How Can Lean Discovery Help?
Lean Discovery addresses these issues in a variety of ways. Regular and early evaluation of small vertical slices of an application by actual users, enabled by Agile development and DevOps delivery, provides feedback to validate value assumptions and allows for adjustments before it’s too late. By defining quantitative goals, it becomes possible to measure progress by evaluating impact – instead of just output in the form of completed features. This, in turn, means the project’s value proposition can be assessed objectively. Experiments are conducted on a small scale, so failure doesn’t have a significant impact on the organization as a whole. And finally, since work prioritization should at least in part be based on expected impact, the highest ROI towards the goal is realized early and the project can move on to the next goal once returns diminish, without unquestioningly burning through the entire budget.

3. Our Organization has a Hard Time Innovating

When there is any level of uncertainty about what customers would want or need and how that maps back to organizational goals, it usually requires several tries to hone in on the best solution. And yet, in many organizations, admitting uncertainty or “not knowing” is seen as a sign of incompetence and shutting down a project because it failed to achieve the desired results can be a career ender.

How Can Lean Discovery Help?
Contrast that with the mindset of a “learning organization” where failing fast and cheap using Minimum Viable Products is appreciated as a way to determine the most promising approach and avoid more costly mistakes down the road. By making experimentation an accepted and even required part of the process, Lean Discovery encourages a culture that acknowledges uncertainty as a fact of today’s operating environment – instead of someone’s personal weakness.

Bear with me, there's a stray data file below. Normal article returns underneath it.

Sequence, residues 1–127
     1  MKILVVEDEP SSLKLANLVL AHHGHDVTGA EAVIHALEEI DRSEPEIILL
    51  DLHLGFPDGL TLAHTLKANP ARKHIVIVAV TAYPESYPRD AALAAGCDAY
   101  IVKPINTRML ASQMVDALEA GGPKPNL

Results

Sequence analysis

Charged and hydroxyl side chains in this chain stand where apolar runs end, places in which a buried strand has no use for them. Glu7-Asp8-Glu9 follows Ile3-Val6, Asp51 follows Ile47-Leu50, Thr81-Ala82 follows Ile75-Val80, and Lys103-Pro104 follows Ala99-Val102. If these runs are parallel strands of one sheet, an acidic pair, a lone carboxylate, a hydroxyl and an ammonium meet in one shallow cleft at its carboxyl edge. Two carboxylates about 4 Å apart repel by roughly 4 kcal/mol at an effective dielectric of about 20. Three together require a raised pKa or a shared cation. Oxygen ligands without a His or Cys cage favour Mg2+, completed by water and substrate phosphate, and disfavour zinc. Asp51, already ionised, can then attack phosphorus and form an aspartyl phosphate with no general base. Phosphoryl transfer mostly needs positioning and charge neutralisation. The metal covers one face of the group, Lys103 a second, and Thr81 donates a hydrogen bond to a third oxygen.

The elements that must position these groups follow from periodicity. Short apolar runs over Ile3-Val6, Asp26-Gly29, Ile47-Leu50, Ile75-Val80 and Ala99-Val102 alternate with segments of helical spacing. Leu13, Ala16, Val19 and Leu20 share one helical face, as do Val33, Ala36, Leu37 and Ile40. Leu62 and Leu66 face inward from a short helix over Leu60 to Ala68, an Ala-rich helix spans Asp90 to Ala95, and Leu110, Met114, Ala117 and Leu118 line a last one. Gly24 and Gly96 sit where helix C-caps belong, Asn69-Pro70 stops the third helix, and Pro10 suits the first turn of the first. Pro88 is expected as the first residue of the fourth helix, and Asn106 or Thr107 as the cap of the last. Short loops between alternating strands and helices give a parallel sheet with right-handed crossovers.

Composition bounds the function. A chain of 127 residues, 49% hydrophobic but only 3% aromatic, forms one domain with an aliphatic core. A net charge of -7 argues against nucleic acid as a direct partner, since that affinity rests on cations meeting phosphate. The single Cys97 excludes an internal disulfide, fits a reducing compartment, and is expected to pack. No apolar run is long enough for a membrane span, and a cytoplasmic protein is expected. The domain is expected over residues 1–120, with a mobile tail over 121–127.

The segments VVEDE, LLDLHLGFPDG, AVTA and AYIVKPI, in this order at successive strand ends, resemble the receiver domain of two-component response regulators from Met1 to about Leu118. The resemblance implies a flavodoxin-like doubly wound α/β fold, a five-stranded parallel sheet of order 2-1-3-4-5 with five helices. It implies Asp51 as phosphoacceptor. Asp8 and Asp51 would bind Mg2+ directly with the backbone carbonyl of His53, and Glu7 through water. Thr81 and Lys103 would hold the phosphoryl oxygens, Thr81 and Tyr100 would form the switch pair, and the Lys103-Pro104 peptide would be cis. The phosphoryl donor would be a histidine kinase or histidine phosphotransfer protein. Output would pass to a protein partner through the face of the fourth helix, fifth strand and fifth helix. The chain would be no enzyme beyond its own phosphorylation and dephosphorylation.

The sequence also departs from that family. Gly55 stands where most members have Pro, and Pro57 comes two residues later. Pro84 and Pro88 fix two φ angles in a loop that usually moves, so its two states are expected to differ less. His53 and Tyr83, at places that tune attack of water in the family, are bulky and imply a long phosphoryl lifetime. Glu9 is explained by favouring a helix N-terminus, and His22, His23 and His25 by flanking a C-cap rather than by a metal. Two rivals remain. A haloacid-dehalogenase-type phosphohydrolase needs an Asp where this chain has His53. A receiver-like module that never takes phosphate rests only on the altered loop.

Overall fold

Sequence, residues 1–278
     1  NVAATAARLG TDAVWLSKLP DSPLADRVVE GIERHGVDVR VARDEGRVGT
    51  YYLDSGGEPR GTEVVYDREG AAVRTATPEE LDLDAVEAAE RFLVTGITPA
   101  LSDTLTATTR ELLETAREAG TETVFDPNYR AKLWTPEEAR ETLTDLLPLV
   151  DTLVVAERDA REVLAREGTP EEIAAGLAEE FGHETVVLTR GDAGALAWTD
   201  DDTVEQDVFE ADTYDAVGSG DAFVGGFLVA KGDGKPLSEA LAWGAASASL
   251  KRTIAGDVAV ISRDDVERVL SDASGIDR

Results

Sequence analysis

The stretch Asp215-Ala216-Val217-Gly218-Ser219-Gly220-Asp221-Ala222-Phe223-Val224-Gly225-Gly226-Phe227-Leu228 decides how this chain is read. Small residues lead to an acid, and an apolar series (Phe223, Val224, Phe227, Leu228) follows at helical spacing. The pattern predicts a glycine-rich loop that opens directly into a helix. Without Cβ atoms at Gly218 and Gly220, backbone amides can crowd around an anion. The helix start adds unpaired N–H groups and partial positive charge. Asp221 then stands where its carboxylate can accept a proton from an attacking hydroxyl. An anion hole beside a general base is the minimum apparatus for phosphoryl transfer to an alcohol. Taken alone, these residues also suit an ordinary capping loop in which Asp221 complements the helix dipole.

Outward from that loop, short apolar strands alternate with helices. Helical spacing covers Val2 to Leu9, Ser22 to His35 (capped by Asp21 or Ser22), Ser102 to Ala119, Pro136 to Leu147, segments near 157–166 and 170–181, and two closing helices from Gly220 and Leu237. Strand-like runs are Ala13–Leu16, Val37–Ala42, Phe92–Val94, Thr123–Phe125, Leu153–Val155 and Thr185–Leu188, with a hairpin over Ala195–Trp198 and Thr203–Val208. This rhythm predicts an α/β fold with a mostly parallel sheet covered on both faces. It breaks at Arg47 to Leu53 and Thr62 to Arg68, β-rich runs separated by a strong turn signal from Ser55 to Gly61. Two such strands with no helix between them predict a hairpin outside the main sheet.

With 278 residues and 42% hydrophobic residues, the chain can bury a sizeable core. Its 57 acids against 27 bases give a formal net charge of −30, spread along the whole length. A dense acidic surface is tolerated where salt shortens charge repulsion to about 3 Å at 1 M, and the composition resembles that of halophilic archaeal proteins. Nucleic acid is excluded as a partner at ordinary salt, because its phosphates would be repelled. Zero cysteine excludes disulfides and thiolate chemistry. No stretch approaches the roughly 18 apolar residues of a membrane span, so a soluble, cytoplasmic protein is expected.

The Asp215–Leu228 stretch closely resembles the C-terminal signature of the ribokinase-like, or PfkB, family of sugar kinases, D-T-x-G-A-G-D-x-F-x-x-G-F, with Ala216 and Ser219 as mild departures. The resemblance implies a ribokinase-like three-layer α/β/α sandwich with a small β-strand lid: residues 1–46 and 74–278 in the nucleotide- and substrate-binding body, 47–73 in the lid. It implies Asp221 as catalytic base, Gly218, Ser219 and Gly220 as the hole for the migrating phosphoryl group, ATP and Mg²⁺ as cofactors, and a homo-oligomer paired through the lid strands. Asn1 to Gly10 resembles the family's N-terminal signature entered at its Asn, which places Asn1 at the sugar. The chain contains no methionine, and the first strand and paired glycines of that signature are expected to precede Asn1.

4. We Invested a Lot in Going Agile but it Didn’t Magically Make Everything Better

Assuming your organization has paid sufficient attention to the culture change required for Agile to work and is actually “being Agile” rather than just “doing Agile” – congratulations, you’ve made an important (and difficult) first step! So your development and delivery teams are cranking out high quality software at dizzying rates, and yet all this awesomeness somehow fails to move the needle on the things you really need to improve. How come?

Well, the issue may be that your organization has optimized “building the thing right” but not paid enough attention to “building the right thing.” Agile is focused on creating and deploying what is specified in the Product Backlog – how those items or stories get in there is arguably not in scope. Some people coming from the business side – product design, marketing, strategy – go as far as to argue that “Agile doesn’t have a brain” because they view it as a machine that cranks out whatever you tell it to.

How Can Lean Discovery Help?
Determining the “right thing” to build is difficult under the best of circumstances. Lean Discovery supports collaboration between the business and IT through concepts like Hypothesis-Driven Development and integrating Lean UX into the development process. Agile and DevOps are necessary in the sense that they enable fast and relatively cheap change to adapt and adjust based on what is learned from customer feedback, but Agile alone is not sufficient. Lean Discovery provides the additional learning loop that ties feedback on product changes back to the respective business goals.

What other organizational issues have you addressed with Lean Discovery? Share your thoughts and insights in the comments section.